Bits & P.C.s: An old subject revisited
By Richard Heller
It has been quite a while since I have mentioned anti-virus software, and many of you may believe that there is no longer a danger of your computer being attacked. Nothing could be farther from the truth.
The latest viruses and Trojans may appear as e-mails with links to sites that will give you information regarding the war with Iraq or other national issues. There have also been e-mails with links to charitable sites. The problem is, these links may actually install a virus or Trojan on your computer instead of taking you to the Web site.
I have come across many computers that have an anti-virus program installed on them that are many years old. Because thousands of viruses and Trojans are written each year, the programs that they have are more-or-less of little value. Many of the anti-virus programs that are pre-installed on a computer will come with a three-month to one year of anti-virus updates, while a purchased version of the program includes one year of updates.
If you have a broadband Internet connection such as DSL or cable, you should configure the software to automatically check for updates while a dial-up Internet connection should check at least weekly.
In order to protect yourself, you should be very careful when you receive e-mail, especially e-mail that contains attachments. Many of the viruses and Trojans will take names and e-mail addresses from the Windows or other address book on a computer and will use these names when the virus is sent. When this happens, you receive an e-mail from someone that you know that may contain a photo or a cartoon. When you open the attachment, the virus installs itself, and instead of a photo, you are greeted with a computer that either will not run the next time it is turned on or programs that no longer function correctly.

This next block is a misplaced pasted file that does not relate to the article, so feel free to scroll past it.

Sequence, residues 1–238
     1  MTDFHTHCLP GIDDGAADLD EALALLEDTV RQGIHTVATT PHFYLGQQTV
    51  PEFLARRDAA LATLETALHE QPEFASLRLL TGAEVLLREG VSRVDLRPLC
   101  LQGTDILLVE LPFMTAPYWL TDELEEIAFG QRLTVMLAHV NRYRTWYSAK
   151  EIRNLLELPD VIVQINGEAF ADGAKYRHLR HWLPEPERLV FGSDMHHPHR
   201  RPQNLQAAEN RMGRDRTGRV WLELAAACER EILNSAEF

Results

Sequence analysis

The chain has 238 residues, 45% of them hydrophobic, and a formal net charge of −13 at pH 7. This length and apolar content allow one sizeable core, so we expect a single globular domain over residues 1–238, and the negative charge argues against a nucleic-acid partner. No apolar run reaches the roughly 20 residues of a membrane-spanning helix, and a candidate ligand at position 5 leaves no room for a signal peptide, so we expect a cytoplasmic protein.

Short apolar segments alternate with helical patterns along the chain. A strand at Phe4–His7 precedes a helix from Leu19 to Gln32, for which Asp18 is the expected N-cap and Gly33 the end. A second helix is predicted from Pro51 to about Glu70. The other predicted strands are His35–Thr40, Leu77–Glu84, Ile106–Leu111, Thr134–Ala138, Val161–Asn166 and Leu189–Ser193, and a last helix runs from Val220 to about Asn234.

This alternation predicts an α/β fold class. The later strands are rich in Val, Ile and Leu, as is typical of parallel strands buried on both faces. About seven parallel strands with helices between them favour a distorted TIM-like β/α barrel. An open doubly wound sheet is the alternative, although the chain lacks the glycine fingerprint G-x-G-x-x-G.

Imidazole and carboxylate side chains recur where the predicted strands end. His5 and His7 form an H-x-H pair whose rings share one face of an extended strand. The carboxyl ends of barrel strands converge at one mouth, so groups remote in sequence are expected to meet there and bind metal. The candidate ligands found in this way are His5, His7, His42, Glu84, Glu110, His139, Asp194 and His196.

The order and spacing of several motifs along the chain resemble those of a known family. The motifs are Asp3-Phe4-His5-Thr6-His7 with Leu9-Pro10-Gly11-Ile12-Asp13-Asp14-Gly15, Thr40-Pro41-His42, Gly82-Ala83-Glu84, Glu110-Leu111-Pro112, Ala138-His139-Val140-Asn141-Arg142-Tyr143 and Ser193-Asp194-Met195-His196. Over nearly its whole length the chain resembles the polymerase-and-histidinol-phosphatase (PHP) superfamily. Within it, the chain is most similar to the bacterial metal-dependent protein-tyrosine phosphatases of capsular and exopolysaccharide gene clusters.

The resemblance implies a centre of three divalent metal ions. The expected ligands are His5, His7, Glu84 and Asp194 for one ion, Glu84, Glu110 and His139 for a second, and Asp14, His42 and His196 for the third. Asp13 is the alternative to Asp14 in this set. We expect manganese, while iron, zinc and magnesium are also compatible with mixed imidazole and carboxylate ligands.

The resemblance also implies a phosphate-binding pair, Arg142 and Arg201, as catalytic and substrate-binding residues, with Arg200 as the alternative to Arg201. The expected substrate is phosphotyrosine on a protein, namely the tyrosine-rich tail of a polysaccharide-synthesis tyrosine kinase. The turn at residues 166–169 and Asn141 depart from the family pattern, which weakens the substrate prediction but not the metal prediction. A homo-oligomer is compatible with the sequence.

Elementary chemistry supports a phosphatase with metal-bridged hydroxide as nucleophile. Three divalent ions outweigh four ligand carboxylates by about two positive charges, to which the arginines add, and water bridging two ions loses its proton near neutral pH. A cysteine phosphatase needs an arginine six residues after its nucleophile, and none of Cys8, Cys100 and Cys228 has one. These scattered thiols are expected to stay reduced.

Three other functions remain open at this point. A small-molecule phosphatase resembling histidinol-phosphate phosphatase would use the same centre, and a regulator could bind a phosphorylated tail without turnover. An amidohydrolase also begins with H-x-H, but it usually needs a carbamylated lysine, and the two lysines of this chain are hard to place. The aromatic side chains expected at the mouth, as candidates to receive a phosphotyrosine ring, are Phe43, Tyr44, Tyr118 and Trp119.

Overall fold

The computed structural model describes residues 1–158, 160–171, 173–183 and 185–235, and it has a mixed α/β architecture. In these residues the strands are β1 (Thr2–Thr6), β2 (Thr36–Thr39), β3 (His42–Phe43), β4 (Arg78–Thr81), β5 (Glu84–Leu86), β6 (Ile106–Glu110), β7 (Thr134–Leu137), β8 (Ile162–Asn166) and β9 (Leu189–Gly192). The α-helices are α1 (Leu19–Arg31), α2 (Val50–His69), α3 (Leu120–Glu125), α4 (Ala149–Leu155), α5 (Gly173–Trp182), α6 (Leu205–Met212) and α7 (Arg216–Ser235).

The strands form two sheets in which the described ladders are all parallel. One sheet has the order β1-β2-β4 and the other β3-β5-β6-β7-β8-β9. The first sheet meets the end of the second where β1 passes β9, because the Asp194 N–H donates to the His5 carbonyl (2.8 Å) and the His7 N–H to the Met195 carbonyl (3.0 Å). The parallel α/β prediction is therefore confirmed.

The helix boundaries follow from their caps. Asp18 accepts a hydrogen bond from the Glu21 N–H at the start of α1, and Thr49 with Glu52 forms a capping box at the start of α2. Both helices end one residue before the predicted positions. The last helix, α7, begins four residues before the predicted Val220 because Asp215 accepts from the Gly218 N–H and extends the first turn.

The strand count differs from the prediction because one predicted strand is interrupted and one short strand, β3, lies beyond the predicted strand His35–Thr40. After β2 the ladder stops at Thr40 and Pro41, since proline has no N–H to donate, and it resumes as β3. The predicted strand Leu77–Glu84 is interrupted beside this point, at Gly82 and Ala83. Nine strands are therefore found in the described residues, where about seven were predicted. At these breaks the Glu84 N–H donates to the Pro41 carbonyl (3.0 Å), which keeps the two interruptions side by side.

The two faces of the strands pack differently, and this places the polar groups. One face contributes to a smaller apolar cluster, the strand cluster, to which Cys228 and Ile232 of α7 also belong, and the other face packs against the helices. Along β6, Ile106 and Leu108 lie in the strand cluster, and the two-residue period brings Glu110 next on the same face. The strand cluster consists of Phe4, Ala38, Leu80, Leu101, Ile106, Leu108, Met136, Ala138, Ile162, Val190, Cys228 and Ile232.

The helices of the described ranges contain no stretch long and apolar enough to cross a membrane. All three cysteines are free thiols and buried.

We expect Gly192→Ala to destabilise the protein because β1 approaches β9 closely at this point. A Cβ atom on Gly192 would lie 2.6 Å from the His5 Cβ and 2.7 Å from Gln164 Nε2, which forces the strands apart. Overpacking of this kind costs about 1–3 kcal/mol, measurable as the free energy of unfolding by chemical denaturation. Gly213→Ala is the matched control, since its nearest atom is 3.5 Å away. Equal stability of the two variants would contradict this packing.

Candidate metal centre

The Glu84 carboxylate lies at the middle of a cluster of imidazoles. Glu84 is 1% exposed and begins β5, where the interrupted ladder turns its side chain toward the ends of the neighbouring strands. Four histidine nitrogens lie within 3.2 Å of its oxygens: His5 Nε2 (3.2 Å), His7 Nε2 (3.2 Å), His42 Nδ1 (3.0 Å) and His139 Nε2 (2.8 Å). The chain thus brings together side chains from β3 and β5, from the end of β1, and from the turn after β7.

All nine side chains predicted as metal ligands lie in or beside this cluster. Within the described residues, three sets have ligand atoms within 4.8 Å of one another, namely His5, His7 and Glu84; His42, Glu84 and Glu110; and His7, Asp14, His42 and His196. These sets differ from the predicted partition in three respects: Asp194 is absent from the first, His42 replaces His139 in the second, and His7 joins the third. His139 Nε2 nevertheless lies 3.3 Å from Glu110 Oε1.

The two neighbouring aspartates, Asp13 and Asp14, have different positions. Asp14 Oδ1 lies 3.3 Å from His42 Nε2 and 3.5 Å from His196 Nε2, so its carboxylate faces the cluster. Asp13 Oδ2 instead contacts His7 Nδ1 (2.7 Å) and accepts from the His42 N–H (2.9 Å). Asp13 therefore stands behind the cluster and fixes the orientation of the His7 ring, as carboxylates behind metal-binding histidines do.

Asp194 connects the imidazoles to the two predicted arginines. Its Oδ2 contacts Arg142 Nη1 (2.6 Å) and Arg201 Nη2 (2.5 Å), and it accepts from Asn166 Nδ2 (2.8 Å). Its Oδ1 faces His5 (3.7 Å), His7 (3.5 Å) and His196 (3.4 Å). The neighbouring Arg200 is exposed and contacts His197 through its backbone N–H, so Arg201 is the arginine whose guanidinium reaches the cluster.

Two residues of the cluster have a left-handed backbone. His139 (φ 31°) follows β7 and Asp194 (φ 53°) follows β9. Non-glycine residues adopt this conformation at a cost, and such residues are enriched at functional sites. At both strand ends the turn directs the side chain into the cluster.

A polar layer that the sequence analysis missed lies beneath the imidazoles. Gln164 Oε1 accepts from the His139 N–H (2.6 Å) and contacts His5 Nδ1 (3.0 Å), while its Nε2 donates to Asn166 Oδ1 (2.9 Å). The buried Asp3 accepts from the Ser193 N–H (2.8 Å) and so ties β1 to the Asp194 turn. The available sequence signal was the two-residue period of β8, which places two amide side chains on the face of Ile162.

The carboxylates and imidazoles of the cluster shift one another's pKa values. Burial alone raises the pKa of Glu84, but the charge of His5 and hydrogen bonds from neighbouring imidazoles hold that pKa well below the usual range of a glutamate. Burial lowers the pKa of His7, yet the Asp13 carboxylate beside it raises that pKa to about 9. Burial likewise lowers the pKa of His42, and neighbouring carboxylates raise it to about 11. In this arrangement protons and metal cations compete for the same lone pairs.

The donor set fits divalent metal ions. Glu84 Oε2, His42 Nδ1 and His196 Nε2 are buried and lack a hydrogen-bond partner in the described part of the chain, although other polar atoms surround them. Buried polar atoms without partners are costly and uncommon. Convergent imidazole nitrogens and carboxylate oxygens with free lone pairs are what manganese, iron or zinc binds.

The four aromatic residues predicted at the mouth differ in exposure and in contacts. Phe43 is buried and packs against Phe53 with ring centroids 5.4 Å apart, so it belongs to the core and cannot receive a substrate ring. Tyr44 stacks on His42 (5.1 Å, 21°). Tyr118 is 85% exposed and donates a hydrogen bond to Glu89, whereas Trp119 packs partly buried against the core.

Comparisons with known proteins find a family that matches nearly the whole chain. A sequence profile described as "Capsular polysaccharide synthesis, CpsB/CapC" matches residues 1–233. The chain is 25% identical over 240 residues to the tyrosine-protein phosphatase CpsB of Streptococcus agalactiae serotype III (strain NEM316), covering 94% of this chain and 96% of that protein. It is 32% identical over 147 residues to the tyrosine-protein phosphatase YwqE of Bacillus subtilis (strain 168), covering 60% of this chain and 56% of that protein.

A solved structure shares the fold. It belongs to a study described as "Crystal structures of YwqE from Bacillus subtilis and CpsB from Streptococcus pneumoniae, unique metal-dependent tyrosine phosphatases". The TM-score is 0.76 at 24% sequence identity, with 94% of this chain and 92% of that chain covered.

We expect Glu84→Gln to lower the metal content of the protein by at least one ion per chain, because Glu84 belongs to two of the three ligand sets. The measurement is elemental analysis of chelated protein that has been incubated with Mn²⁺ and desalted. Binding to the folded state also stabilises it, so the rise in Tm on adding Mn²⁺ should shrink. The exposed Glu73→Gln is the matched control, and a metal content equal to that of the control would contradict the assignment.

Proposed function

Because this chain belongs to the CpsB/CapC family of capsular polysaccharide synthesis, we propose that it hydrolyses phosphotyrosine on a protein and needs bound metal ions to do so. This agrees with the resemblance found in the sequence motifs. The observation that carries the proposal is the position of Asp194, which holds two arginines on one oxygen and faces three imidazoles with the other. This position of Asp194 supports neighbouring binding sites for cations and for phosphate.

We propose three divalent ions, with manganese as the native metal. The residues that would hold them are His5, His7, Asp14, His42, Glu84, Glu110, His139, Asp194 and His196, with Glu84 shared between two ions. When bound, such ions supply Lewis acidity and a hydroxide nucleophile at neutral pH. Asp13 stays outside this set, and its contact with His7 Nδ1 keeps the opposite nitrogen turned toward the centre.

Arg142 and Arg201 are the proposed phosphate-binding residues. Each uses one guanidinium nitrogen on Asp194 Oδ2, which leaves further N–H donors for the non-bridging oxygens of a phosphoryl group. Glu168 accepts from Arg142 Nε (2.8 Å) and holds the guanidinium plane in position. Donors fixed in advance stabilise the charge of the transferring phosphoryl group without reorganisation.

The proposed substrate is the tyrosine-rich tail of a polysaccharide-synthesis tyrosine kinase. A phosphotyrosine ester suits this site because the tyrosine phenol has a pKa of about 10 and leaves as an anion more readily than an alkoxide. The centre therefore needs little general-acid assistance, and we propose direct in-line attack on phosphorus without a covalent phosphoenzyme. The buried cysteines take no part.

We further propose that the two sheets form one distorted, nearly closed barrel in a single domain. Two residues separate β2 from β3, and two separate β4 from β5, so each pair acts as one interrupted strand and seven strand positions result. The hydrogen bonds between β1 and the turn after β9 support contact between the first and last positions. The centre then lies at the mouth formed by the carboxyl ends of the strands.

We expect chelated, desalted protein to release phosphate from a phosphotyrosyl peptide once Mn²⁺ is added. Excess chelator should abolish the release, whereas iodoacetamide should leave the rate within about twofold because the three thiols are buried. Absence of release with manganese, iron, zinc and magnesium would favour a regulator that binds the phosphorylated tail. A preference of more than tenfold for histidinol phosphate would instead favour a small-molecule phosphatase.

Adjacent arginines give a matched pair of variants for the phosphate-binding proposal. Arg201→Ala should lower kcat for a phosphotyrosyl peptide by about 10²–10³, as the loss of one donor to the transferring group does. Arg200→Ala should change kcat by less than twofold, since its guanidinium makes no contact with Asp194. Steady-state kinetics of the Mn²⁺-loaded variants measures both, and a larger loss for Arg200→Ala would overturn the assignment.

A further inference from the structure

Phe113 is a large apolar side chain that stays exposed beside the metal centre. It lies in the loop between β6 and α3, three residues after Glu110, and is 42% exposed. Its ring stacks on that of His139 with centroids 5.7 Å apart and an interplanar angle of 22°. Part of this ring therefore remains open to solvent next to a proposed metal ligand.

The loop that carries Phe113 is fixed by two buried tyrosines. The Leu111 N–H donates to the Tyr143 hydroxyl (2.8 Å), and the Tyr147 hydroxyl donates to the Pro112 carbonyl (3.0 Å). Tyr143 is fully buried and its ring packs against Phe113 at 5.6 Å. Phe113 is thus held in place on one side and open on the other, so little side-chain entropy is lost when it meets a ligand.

I have had people make the comment to me that they arent worried because they are not on the Internet, they are only using the computer for e-mail. Unfortunately, these people dont realize that the e-mail is part of the Internet and they are the targets of the virus writers because of their naivete. Many of these virus programs are used to create Denial of Service (DOS) attacks on web sites. A DOS attack occurs when hundred of computers attempt to access a Web site at the same time. The Web site becomes overloaded and legitimate attempts to access the site are blocked. Most people are not even aware that their computer has been infected and that they are actually taking part in this mischief.
You can still download a free copy of AVG Anti-virus software from Grisoft (www.grisoft.com). This software offers free updates to the latest virus information files as well as scanning your e-mail before it is sent and as it is received. You can set up a schedule for your system to be checked for viruses and for the program to check for updates. Remember that an anti-virus program is only as good as the latest update.
Richard Heller is an independent computer specialist who specializes in repairs, installation, upgrades, technical support, Internet sharing, data recovery and diagnostics. If you have any computer or service-related questions, please send them to The Rock River Times or e-mail firstname.lastname@example.org.